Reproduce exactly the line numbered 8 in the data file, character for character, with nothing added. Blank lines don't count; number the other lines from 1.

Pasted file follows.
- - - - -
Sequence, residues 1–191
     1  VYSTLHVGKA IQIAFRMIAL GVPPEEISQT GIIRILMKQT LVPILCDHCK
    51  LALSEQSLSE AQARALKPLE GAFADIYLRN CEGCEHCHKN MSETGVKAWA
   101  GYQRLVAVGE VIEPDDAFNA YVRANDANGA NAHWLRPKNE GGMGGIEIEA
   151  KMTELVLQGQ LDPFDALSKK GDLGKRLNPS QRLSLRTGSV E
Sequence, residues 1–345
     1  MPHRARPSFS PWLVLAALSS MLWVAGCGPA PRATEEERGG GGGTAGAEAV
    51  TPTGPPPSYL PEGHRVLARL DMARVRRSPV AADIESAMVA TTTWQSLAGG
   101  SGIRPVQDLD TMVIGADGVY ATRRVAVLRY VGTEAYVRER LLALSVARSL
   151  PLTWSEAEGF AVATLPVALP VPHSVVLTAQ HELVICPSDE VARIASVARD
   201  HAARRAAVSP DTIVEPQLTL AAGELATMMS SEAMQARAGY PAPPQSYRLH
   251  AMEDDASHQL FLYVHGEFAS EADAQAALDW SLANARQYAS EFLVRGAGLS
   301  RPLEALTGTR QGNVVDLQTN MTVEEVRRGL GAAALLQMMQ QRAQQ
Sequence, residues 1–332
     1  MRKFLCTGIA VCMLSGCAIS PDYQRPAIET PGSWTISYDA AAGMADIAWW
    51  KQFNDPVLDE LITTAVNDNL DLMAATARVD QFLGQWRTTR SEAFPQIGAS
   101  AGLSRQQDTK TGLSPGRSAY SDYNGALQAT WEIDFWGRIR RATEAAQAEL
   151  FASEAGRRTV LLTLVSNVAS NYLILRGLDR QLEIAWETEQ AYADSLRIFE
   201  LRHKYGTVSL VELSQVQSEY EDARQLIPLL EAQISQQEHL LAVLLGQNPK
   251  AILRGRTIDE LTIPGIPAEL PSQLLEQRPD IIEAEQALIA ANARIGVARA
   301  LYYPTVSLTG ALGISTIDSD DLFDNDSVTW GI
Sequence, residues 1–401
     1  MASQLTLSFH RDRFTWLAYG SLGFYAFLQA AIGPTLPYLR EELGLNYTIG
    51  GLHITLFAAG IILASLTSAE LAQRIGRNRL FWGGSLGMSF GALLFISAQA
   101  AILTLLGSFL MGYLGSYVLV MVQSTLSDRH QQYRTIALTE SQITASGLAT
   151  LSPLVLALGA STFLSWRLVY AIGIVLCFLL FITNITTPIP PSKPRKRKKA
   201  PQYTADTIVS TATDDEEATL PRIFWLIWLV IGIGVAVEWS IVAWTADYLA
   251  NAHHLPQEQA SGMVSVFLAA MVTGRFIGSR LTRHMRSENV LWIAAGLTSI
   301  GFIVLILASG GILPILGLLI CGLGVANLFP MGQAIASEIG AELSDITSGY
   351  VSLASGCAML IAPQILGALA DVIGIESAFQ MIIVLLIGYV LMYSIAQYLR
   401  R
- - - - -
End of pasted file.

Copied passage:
    51  TPTGPPPSYL PEGHRVLARL DMARVRRSPV AADIESAMVA TTTWQSLAGG